It’s March 2020 as I’m writing this, and the United States (along with most of the world) is in the midst of the COVID-19 outbreak. One of the things that spreads even faster than the virus is misinformation and panic. What can we do to separate fact from fiction?
This is probably the most obvious but often otherwise intelligence and thoughtful people see news that confirms what they fear or suspect and pass it on without asking if it’s true. Facebook, emails, chat conversations, and texts are always secondhand information by definition. If you want to pass along important information, send it with a link to the source–preferably one in a position to know like the CDC in the US or the WHO for global information.
One way skepticism helps here is to always ask “how do I know that’s true?” when presented with new information. Especially when it concerns physical or mental heatlh.
Try Not to Panic
It’s easy to say “don’t panic” but on its own that it not helpful advice. Rather try to focus on the most immediate needs like “do I have enough food in the house for a day or two?” or “if the stores are out of bread, can I make a loaf from scratch?” People see empty shelves in stores and their thoughts go immediately to “oh no, there’s no more toilet paper and there may never be again!” In reality, stores stock enough for the usual restocking levels and when people buy all of it at once it looks scary. In a first world country we’re used to always seeing full shelves and never having to wonder about whether we can get something we want. It’s an amazing privilege that many people in the world don’t have. Manufacturers have not stopped making toilet paper or baking bread and those items will be back on stores shelves. In the meantime, what alternatives do you have? Many of the ingredients to make food are still on shelves even if the finished products are selling out. Maybe you could check a local butcher instead of the big chain stores if you are trying to find meat. If you run out of toilet paper you can use napkins, paper towels, or tissues for a few days (just don’t flush them and back up your sewer system). That last one may sound gross but reality is that we’ll have to make due.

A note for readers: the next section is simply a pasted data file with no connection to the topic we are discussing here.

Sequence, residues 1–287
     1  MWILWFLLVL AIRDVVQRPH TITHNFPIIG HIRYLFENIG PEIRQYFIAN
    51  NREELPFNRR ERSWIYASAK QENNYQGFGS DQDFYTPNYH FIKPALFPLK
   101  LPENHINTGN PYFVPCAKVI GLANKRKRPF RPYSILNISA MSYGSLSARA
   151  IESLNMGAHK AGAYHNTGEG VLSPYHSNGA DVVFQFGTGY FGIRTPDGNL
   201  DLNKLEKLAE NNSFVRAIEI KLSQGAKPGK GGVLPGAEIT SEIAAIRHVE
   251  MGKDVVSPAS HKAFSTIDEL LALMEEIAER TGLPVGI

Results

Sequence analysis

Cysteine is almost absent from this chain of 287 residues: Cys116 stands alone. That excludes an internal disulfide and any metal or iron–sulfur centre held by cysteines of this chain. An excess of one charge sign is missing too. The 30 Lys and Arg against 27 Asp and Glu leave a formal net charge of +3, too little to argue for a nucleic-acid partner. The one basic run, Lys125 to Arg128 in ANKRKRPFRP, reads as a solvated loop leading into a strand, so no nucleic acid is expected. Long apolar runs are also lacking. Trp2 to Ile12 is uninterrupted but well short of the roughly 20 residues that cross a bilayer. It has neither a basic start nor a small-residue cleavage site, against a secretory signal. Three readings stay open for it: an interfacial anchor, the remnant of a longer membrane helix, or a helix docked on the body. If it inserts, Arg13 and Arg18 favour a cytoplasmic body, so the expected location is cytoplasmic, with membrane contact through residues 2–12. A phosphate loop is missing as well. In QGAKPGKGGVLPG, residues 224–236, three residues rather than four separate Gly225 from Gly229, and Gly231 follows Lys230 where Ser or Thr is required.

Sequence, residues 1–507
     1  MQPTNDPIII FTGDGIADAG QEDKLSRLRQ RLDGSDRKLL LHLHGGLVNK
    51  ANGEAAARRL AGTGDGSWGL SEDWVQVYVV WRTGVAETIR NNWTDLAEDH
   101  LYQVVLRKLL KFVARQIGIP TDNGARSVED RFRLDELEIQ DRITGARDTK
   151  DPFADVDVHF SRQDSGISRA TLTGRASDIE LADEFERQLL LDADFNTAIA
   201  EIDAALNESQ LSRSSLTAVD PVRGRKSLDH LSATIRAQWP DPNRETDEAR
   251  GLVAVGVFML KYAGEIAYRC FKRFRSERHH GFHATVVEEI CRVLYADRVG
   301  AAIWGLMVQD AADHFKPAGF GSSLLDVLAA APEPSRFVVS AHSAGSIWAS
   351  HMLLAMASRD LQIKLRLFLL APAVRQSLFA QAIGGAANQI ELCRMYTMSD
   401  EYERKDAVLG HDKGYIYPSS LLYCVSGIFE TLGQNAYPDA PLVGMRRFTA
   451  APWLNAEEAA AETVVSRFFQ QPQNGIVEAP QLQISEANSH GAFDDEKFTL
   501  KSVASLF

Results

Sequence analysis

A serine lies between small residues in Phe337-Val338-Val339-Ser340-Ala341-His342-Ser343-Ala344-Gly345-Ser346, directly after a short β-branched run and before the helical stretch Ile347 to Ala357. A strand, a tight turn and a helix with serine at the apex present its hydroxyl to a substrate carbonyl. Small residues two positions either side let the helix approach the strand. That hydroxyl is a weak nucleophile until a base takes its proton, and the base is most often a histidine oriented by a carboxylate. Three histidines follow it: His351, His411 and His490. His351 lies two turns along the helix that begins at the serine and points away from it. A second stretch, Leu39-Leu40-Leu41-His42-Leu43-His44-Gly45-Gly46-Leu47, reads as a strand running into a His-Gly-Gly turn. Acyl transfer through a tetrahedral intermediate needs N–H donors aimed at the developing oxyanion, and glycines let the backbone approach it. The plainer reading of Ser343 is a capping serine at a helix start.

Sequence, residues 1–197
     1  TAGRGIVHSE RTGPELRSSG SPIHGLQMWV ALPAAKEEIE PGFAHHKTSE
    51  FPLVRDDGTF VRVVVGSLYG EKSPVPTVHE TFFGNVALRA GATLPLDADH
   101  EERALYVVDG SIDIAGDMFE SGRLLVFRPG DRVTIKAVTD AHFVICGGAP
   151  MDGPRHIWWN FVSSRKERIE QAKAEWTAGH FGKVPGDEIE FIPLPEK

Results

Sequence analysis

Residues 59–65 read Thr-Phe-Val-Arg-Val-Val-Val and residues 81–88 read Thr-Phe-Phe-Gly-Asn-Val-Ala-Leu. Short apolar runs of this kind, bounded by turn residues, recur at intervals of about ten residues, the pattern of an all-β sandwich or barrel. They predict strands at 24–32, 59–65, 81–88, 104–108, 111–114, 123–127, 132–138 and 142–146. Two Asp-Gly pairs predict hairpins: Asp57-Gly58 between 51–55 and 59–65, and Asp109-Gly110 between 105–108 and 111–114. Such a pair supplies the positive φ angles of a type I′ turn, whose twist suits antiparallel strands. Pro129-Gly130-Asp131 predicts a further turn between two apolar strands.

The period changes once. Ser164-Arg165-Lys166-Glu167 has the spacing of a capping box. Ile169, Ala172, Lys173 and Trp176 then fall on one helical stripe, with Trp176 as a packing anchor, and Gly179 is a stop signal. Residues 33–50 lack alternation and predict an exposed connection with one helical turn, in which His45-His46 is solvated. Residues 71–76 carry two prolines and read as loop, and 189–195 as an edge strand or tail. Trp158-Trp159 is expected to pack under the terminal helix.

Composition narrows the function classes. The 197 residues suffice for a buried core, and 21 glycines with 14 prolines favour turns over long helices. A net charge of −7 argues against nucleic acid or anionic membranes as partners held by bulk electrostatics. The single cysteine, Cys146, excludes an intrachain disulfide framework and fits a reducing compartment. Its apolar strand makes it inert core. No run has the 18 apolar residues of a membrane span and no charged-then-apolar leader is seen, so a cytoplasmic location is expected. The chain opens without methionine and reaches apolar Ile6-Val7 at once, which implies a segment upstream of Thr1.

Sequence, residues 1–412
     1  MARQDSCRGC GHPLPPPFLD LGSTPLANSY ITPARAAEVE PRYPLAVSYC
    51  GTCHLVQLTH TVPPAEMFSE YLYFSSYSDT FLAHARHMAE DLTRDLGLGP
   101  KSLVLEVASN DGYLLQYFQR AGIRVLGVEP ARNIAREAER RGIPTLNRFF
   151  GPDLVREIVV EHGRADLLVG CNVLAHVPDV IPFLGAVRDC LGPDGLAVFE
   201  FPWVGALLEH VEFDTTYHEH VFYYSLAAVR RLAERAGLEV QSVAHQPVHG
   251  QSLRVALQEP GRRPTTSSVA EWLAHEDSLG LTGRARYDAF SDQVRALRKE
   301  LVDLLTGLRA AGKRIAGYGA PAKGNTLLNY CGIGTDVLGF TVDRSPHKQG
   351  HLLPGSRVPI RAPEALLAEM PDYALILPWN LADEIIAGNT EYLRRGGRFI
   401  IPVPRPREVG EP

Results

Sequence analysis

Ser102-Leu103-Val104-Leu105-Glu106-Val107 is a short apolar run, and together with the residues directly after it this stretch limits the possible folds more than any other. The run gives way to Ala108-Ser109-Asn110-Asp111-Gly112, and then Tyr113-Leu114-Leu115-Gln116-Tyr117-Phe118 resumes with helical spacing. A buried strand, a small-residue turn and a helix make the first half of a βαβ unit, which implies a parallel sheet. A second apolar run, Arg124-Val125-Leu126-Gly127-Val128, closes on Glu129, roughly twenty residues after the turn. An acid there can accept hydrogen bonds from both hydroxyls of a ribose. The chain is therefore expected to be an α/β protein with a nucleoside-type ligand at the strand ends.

The biggest thing to emphasize here is do not panic buy when stores do restock. Buy what you need and don’t hoard things that you don’t.
Think of the Long Term
Right now there are some severe health and economic impacts from the virus but the world has weathered much worse. Wars, famines, bubonic plague, and the like have devastated populations far more significantly than COVID-19. We are still here to talk about it. We are seeing incredible advances in teleworking technologies, cooperation on vaccine research, and environmental benefits from so many fewer cars and planes in use. When this outbreak is over, let’s take stock of the positives we are discovering and try to keep some of our good habits from a bad time.